Location

San Diego, California

Session Start Date

3-26-2001

Session End Date

3-31-2001

Abstract

The 17 January 1994 Northridge Earthquake caused extensive damage to thousands of buildings and condominiums throughout the San Fernando Valley. Not only to the buildings’ structure, but also to the foundations and subdrain systems. This author investigated and documented hundreds of cases where condominium units experienced similar symptoms of damage resulting from collapsed backfill rock and soils from the earthquake forces. A typical condominium building investigated was of three story construction with an 8 to 10 foot high retaining wall on three sides of the 4 to 10 unit building to contain the garages and utility rooms. Some building slabs and other ancillary features, ie. patios, wing walls, decks, steps, walks were constructed directly over the backfill rock and soil. The earthquake shaking especially the vertical acceleration caused the backfill behind the retaining walls to collapse as much as eight inches resulting in failure not only to the retaining walls and surface features, but also to the underlying subdrain pipes behind the building’s retaining wall. Detailed subsurface investigations found in almost every case collapsed backfill rock and cracked, crushed or deformed perforated and solid PVC drain pipes. Other investigations suggested that the crushed pipes were caused by improper installation during original construction. This author conduced lab testing and full scale field testing to demonstrate that the resulting failures were caused by the earthquake shaking and not installation. These failures resulted in millions of dollars in insurance claims and reconstruction of retaining wall backfills and reinstallation of subdrains.

Department(s)

Civil, Architectural and Environmental Engineering

Appears In

International Conferences on Recent Advances in Geotechnical Earthquake Engineering and Soil Dynamics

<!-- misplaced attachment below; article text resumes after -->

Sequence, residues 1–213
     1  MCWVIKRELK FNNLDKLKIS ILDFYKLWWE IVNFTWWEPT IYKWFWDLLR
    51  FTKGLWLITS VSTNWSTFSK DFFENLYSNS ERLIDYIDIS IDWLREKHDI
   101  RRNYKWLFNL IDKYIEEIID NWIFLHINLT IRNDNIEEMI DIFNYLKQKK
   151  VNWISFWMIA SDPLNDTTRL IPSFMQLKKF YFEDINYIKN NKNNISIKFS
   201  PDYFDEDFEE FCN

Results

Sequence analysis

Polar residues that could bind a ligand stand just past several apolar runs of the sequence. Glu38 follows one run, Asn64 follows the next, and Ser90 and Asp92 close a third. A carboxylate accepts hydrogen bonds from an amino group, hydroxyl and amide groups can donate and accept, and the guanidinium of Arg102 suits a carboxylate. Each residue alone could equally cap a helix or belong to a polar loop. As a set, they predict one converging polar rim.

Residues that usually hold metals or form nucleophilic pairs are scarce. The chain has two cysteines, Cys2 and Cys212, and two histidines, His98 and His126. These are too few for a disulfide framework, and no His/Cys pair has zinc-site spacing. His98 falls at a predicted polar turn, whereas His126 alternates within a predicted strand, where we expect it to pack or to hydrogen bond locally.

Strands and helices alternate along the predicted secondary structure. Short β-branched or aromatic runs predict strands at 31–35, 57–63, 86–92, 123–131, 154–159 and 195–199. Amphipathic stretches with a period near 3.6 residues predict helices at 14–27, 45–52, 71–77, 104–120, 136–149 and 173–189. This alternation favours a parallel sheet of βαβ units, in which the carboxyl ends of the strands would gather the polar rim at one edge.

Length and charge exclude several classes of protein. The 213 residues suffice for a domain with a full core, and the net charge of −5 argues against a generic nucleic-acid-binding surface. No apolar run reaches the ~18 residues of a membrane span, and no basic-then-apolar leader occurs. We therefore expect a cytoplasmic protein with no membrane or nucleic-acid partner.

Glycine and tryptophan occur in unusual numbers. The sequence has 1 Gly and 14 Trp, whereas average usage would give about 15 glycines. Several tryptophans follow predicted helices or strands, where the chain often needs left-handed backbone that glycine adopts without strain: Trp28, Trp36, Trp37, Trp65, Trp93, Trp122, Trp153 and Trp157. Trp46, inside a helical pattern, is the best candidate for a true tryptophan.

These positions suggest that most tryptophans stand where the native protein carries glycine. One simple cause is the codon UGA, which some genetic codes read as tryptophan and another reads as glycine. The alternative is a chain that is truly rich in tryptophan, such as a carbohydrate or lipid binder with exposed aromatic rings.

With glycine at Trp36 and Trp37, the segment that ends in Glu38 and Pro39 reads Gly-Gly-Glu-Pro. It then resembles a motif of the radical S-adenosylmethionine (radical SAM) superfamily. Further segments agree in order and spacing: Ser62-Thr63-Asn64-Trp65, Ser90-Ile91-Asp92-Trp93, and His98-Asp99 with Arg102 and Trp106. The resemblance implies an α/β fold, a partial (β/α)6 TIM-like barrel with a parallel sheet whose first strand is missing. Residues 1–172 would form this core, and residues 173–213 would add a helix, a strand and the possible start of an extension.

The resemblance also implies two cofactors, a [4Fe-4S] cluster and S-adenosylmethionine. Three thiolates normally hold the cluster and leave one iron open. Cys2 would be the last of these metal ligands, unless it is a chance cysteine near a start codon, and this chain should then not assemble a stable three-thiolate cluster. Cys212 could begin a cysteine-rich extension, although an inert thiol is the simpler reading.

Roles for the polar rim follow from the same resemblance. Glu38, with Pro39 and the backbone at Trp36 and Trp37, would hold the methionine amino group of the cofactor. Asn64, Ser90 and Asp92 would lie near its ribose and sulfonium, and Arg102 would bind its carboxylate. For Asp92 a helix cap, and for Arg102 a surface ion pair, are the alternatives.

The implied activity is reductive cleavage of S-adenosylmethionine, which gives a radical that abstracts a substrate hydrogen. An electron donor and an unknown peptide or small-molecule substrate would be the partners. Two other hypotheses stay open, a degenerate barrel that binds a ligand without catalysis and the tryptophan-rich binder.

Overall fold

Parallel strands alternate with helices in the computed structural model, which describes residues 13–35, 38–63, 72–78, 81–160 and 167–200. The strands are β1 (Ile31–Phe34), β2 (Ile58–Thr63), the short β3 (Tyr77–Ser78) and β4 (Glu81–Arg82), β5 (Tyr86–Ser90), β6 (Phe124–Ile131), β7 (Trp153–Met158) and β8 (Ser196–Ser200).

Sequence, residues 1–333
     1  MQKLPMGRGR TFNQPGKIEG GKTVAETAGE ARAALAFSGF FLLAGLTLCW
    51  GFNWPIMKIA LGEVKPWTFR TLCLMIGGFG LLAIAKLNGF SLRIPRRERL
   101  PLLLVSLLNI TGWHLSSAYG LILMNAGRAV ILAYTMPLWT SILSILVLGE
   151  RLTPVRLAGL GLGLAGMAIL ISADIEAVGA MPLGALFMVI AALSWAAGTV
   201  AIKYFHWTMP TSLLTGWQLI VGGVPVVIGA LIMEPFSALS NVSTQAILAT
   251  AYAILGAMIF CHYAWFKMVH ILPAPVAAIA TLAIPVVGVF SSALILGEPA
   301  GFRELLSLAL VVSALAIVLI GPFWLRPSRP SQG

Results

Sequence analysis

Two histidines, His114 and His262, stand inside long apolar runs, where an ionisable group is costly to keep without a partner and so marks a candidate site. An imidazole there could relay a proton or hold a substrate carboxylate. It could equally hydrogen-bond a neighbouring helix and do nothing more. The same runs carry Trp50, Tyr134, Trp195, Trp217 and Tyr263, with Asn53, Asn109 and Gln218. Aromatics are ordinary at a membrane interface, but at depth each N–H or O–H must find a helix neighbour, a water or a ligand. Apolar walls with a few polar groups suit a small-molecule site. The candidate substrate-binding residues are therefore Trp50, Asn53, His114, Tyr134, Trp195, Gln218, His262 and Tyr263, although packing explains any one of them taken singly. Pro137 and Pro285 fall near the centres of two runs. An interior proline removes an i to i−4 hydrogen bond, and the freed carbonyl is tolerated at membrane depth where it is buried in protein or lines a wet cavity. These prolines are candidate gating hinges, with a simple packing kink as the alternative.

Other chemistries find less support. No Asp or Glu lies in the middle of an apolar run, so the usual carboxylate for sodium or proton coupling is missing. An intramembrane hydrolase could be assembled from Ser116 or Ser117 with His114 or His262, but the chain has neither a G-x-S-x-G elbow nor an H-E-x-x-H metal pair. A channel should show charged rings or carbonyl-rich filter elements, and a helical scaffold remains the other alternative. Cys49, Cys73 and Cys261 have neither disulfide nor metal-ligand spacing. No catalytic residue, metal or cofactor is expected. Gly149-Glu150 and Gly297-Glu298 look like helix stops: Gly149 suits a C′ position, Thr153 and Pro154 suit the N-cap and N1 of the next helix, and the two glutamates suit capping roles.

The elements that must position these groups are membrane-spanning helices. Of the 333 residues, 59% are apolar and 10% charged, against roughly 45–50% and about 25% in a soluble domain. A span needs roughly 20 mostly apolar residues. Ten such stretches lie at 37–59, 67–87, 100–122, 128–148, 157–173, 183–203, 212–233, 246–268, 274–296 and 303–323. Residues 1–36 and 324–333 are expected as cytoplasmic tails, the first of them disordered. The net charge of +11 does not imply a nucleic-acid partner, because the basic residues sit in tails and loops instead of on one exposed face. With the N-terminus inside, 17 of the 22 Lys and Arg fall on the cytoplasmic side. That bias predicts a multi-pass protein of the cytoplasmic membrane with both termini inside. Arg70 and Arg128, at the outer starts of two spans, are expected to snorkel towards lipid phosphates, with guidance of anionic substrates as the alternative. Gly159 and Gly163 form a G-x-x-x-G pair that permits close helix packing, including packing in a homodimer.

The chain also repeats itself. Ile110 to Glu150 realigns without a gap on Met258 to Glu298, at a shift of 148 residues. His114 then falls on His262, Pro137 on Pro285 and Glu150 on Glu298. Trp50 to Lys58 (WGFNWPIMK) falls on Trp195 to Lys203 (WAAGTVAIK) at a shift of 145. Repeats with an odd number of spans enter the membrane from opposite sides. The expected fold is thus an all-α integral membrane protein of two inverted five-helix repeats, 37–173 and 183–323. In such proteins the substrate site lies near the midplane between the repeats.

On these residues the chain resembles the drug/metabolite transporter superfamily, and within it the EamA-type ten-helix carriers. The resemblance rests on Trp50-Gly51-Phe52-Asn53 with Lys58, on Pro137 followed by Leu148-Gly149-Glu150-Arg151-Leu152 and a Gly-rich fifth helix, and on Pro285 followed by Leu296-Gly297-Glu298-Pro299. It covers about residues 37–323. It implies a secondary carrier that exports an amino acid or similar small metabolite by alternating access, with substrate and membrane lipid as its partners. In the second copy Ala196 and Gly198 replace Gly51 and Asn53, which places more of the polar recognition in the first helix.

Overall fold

Meeting Name

Fourth Conference

Publisher

University of Missouri--Rolla

Publication Date

3-26-2001

Document Version

Final Version

Rights

© 2001 University of Missouri--Rolla, All rights reserved.

Document Type

Article - Conference proceedings

File Type

text

Language

English

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Mar 26th, 12:00 AM Mar 31st, 12:00 AM

Damage from Collapsed Backfill Rock and Soils Behind Retaining Walls Caused by Earthquake Shaking

San Diego, California

The 17 January 1994 Northridge Earthquake caused extensive damage to thousands of buildings and condominiums throughout the San Fernando Valley. Not only to the buildings’ structure, but also to the foundations and subdrain systems. This author investigated and documented hundreds of cases where condominium units experienced similar symptoms of damage resulting from collapsed backfill rock and soils from the earthquake forces. A typical condominium building investigated was of three story construction with an 8 to 10 foot high retaining wall on three sides of the 4 to 10 unit building to contain the garages and utility rooms. Some building slabs and other ancillary features, ie. patios, wing walls, decks, steps, walks were constructed directly over the backfill rock and soil. The earthquake shaking especially the vertical acceleration caused the backfill behind the retaining walls to collapse as much as eight inches resulting in failure not only to the retaining walls and surface features, but also to the underlying subdrain pipes behind the building’s retaining wall. Detailed subsurface investigations found in almost every case collapsed backfill rock and cracked, crushed or deformed perforated and solid PVC drain pipes. Other investigations suggested that the crushed pipes were caused by improper installation during original construction. This author conduced lab testing and full scale field testing to demonstrate that the resulting failures were caused by the earthquake shaking and not installation. These failures resulted in millions of dollars in insurance claims and reconstruction of retaining wall backfills and reinstallation of subdrains.